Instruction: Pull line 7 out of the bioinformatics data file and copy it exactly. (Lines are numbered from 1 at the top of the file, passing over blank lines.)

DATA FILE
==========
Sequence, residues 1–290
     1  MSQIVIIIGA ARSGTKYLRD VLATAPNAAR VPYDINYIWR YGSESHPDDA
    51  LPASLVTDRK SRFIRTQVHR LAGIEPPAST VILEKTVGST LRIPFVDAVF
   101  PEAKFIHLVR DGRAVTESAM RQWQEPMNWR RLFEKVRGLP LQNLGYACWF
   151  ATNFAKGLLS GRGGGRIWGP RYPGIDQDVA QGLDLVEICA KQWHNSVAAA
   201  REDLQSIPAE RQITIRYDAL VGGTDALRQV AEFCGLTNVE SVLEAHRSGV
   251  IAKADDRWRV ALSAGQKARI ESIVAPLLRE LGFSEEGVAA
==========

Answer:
   251  IAKADDRWRV ALSAGQKARI ESIVAPLLRE LGFSEEGVAA